“The enemy has arrived in the midst of society. Unfortunately, this is fueled by political debates,” he told the German daily taz. He pointed out that the AfD chairman Alexander Gauland had spoken during the general debate in the Bundestag about Africans. “To hear such speeches from a top politician is ultimately the basis for violence.”
Gauland had mentioned that the issue of overpopulation was being excluded from the climate debate. In this context, he referred to the population explosion in Africa. But to address this, there is the danger of being labeled a racist.
Gauland is not the only AfD member to have commented on the population explosion in Africa. Björn Höcke, the speaker of the parliamentary group of the AfD and the spokesman of the Thuringia Landesverband [Regional Association] of his party, made headlines when he said that Europe needed to stop African migrants because their reproductive rates would fuel over-population.
Africa has the highest population growth rates in comparison to other continents, and that growth is straining urban infrastructures and producing environmental problems that are compounded by climate change. According to the World Economic Forum, African cities will double in population by 2050.
The sub-Saharan population is increasing at the rate of 2,5 percent annually – double the rate of both Asia and Latin America. If this rate is not decreased the population of Africa will double by the year 2036 (from 2008).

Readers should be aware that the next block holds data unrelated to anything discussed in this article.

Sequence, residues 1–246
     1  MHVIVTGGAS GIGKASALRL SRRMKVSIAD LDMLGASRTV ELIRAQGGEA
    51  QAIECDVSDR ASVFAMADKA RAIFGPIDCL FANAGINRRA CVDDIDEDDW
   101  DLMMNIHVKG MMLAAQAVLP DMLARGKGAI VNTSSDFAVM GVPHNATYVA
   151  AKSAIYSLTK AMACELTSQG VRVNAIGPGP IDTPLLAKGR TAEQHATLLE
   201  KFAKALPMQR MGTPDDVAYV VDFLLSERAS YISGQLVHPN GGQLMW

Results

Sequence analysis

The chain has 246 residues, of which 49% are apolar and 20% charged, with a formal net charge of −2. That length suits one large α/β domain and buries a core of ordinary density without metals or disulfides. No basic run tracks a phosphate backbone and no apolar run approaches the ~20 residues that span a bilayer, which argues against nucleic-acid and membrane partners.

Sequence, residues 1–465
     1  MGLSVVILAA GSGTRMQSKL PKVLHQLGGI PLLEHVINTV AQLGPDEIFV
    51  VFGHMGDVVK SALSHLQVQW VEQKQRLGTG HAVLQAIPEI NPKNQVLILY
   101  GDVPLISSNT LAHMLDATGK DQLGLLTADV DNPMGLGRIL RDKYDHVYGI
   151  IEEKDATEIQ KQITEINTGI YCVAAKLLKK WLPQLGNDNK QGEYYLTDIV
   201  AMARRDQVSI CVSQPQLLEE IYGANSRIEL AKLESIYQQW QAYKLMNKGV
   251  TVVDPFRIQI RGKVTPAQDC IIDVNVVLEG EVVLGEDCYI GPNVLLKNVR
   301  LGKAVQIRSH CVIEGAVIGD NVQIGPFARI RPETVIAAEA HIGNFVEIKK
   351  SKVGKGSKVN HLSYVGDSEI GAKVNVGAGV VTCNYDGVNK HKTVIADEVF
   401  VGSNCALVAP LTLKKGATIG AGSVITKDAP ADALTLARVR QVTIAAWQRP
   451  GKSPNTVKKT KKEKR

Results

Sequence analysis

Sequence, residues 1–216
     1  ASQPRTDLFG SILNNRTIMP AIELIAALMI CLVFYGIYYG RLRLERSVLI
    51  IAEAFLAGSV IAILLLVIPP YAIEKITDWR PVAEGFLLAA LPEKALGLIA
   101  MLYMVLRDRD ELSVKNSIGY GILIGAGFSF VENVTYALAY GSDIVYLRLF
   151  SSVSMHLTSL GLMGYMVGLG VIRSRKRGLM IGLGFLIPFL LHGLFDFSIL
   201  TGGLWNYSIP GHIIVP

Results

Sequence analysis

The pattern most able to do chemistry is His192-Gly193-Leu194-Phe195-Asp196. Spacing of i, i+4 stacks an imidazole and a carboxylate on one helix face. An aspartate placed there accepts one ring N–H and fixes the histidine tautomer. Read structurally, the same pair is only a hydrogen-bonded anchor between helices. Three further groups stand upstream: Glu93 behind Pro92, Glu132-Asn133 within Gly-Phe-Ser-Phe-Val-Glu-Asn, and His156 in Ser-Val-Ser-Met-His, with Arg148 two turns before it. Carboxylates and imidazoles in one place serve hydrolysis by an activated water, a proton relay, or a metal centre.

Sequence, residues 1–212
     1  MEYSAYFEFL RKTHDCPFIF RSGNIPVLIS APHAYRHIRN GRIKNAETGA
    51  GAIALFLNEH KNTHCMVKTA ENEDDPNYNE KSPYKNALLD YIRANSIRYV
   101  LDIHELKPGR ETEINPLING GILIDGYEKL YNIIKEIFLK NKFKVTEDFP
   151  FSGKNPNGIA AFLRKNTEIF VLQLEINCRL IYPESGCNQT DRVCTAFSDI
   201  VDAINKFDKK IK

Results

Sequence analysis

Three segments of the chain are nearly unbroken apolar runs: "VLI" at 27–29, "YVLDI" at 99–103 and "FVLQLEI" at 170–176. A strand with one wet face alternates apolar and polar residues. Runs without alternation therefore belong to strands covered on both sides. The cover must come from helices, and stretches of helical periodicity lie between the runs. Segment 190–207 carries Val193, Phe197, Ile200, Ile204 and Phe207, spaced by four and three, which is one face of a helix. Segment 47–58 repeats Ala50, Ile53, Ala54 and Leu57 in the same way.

Diaby has furthermore demanded that the federal government act against so-called racial profiling. The police checks in Germany were primarily aimed at black people, he said. “I experienced this myself as a commuter: I am the only person controlled by hundreds of travelers at the station – because of my skin color. This is racist and exclusionary. That does not work.”
Instead, there should be “effective training on intercultural competence and anti-racism” in the police.
Diaby has changed his tune regarding his earlier statements on racism: the former president of the Federal Council of Immigrants, said in 2013 that xenophobia and racism were no longer problems in Germany, but since then he has joined in the race-baiting calls by various leftists.
This week Diaby also demanded that the slave trade and colonialism be addressed. “Many results of colonialism with its devastating consequences are still unresolved and continue to exist. I would just like to remind Mr [Günter] Nooke, the Federal Government’s representative for Africa, who has spoken on several occasions in a way that is reminiscent of the ideas of colonialism.”
A controversial proposal by a Nooke that European countries should acquire land in Africa to curb migration has been rejected by the African Union.
Either the European Union or the World Bank, should build cities in Africa in future in order to boost job creation and development on the continent, Nooke, told the BBC last year.
In an interview in which he outlined a programme on how to stem African migration to Europe, he said African countries should lease their land to a foreigners to “allow free development for 50 years”.
American Nobel Prize-winning economist Paul Romer developed the idea a decade ago. In 2009, he said developing countries should consider giving up part of their territory for what he called “charter cities” constructed by foreign powers.
Such cities, even though they would be in Africa, would operate under a set of laws separate from the host country.
According to population projections by the United Nations, Nigeria could have a population of 400 million people by 2050, which would make it the third most populous country in the world.
In 2017, migrants from Nigeria represented the fourth-largest group of asylum-seekers in the European Union, after refuges from Syria, Iraq and Afghanistan, German magazine Spiegel reported.